From experience of working with patients with severe eczema in a tertiary clinic, we know the major impact that eczema has on individuals’ health and quality of life. However, in clinic we only see the most severe patients, and we have suspected that there is a large unmet need and many unanswered questions that are relevant to patients who are seen in general practice.
Previous studies have shown variable findings for the association between eczema and cardiovascular outcomes, but many had limitations that we thought our data could help clarify. For example, most previous studies had limited assessment of the effects of disease severity. No previous research focused on the concept of disease activity over time, both of which are heterogeneous between patients, and clinically important to patients and physicians.
As eczema is so common (affecting up to 10% of adults), even a small increase in cardiovascular disease risk could be important from a public health perspective. As Professor Geoffrey Rose has highlighted, “a large number of people at a small risk may give rise to more cases of disease than the small number who are at high risk”.
One of the key difficulties of conducting our research was capturing eczema disease severity and activity. Eczema is an episodic disease, and individuals may experience periods of disease activity as well as times when their disease is well controlled. It can also vary widely in its severity, a characteristic which is not routinely recorded in primary care records. Severity therefore needed to be inferred from other data points – specifically the medications that patients received. Deciding on a robust algorithm to identify eczema patients, their disease activity, and their disease severity, was challenging.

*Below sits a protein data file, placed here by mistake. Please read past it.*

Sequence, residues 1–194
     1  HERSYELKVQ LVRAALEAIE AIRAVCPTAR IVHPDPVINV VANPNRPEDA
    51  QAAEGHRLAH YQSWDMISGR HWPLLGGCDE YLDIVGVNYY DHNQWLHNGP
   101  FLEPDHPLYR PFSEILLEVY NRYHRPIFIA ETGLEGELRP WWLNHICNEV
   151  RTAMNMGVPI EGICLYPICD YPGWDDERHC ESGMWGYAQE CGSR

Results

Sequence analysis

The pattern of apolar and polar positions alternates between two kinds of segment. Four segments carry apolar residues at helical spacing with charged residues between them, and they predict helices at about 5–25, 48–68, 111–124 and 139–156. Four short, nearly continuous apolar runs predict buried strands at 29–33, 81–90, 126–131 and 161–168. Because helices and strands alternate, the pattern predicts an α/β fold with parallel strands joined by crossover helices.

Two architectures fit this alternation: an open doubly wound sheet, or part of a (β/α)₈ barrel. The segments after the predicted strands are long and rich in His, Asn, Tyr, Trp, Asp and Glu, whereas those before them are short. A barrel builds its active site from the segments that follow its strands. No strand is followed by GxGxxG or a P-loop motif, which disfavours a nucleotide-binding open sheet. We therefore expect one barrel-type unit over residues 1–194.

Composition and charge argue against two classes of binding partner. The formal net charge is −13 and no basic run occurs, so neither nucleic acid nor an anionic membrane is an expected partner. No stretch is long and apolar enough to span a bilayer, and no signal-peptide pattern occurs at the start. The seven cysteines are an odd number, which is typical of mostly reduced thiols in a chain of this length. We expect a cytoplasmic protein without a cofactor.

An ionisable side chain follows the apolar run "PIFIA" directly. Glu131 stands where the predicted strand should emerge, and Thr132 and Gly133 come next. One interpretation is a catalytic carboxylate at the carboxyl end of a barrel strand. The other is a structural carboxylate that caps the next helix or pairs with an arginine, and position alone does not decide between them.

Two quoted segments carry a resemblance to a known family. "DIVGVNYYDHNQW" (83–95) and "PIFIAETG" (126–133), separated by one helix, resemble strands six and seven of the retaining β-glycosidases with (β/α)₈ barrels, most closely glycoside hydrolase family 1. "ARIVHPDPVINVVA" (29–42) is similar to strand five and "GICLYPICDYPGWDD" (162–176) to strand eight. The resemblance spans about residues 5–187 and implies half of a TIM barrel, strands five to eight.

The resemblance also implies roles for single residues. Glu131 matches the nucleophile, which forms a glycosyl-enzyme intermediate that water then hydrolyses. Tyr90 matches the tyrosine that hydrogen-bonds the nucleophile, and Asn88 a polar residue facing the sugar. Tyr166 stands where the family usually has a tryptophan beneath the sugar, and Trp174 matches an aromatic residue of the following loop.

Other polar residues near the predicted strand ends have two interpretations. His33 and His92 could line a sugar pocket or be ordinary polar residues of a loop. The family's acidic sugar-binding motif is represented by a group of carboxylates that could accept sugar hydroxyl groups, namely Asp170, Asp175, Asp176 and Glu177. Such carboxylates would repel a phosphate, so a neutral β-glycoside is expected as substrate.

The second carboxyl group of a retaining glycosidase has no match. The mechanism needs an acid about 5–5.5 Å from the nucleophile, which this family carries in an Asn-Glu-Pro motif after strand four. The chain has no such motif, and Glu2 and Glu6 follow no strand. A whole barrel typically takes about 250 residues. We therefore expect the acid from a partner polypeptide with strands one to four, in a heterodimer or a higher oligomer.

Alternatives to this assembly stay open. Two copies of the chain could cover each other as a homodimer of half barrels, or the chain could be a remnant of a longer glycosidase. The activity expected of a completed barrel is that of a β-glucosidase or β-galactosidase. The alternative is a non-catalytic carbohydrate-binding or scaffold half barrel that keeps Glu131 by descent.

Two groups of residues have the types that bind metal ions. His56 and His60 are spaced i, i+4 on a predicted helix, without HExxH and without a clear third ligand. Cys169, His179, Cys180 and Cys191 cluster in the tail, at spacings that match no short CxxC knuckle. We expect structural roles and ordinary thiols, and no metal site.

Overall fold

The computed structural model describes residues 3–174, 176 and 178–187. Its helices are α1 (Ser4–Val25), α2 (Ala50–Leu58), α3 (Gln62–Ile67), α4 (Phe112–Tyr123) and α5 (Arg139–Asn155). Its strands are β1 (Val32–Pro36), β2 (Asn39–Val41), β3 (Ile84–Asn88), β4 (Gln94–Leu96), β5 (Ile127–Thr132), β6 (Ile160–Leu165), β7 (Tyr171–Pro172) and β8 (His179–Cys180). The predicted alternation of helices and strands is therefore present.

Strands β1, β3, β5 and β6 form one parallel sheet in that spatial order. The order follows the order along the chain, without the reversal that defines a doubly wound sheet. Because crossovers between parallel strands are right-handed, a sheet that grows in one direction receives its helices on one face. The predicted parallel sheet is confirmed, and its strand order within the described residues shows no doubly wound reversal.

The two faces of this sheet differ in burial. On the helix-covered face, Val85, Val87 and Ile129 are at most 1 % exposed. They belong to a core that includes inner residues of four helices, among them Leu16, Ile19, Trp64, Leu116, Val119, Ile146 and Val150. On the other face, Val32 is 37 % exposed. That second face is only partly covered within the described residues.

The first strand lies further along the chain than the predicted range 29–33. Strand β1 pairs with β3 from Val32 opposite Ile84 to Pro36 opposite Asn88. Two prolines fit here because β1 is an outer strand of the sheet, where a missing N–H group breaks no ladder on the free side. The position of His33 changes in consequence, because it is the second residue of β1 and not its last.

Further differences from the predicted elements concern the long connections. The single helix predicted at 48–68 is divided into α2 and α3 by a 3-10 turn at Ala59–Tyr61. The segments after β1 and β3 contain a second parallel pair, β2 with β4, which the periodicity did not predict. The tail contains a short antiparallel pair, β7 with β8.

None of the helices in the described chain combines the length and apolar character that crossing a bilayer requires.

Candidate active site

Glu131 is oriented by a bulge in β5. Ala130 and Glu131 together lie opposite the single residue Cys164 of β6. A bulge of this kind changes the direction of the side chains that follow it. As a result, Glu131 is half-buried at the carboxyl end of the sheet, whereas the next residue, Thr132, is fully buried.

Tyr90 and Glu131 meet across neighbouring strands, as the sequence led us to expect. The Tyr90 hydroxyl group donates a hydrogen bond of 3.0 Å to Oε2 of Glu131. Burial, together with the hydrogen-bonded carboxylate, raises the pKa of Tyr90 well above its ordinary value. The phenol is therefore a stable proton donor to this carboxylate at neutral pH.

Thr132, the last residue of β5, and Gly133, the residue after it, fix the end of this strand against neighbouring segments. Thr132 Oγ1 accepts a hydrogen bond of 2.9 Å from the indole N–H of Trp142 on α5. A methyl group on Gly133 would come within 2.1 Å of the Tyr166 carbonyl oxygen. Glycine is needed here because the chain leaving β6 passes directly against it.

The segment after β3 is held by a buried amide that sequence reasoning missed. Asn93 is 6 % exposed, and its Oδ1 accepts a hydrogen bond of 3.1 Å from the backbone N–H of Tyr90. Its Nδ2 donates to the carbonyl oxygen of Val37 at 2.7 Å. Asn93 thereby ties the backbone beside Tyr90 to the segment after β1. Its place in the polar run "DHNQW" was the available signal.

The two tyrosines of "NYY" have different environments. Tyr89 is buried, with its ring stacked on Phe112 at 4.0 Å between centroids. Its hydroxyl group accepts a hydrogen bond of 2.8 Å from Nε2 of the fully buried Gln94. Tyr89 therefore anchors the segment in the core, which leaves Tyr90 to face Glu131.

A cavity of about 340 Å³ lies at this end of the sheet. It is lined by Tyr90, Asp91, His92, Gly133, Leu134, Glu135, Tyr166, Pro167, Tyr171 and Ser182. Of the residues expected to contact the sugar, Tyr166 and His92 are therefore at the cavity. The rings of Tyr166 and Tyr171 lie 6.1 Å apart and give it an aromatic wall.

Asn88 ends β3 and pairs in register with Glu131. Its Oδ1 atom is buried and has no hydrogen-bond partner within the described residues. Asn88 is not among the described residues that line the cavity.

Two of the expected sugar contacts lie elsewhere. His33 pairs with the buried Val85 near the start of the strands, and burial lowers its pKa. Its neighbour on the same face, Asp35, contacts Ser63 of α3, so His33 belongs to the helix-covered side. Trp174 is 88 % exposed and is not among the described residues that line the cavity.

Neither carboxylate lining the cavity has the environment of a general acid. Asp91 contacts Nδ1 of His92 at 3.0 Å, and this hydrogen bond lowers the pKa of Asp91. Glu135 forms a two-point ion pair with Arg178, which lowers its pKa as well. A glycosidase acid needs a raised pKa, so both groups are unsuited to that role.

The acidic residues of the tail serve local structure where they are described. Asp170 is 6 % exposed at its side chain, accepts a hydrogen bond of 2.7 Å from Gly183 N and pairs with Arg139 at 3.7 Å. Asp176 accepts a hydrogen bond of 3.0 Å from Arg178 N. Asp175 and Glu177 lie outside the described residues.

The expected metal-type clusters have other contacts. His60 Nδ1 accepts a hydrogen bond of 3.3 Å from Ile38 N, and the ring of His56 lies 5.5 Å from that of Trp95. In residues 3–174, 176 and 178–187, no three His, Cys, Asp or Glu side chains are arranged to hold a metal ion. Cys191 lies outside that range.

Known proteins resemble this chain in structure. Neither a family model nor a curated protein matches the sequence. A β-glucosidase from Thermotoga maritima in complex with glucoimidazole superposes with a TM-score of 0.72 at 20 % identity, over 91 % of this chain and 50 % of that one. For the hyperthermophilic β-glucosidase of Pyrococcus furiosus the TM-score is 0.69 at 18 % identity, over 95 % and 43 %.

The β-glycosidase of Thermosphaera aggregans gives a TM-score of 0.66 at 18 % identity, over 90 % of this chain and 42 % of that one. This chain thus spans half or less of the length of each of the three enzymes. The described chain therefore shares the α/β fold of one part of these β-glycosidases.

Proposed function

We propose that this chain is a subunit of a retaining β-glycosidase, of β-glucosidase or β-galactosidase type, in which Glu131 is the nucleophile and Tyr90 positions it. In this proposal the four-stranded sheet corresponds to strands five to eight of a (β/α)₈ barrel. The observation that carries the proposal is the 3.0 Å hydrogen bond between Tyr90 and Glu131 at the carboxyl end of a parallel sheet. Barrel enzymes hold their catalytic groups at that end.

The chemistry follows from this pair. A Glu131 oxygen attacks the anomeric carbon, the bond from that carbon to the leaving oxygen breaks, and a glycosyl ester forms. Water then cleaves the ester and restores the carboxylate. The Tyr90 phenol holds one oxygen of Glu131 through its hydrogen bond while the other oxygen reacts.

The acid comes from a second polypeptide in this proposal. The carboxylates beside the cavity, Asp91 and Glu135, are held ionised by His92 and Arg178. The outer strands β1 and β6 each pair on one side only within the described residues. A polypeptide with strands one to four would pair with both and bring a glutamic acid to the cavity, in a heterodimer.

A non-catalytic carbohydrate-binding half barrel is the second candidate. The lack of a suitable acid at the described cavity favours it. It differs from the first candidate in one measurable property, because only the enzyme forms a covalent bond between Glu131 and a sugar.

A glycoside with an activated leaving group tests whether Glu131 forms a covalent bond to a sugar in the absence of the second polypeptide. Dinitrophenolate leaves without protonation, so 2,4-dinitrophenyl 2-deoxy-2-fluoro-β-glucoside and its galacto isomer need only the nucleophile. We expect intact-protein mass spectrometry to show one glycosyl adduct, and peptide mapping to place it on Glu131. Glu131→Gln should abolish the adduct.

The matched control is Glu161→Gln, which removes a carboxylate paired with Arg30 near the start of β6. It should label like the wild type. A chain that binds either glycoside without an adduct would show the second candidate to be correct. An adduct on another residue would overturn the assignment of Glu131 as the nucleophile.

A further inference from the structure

There were several potential sources of bias within the study, including the possibility of misclassification of the exposure. This presented two questions: firstly how to robustly address these sources of bias within the analysis. We overcame this by conducting eight sensitivity analyses. Secondly, how to effectively communicate in our research the justification for sensitivity analyses and the approach that we took. We found that displaying this in a a table really helped to clarify this.
We found higher risks of cardiovascular disease than expected among eczema patients relative to people without eczema, as well as consistent findings across the cardiovascular outcomes when assessing severe and persistently active eczema. If these results are robustly replicated, it would support targeted screening and a focus on primary prevention strategies to reduce cardiovascular disease among such patients.
Sinead Langan is a Wellcome Senior Clinical Fellow and an Associate Professor in the Faculty of Epidemiology and Population Health at the London School of Hygiene and Tropical Medicine. She also works as an honorary consultant dermatologist at St John’s Institute of Dermatology, Guy’s and St Thomas’ hospital London in a busy tertiary service for patients with eczema.
Richard Silverwood is an assistant professor of Medical Statistics in the Faculty of Epidemiology and Population Health and Co-Director of the Centre for Statistical Methodology at London School of Hygiene & Tropical Medicine.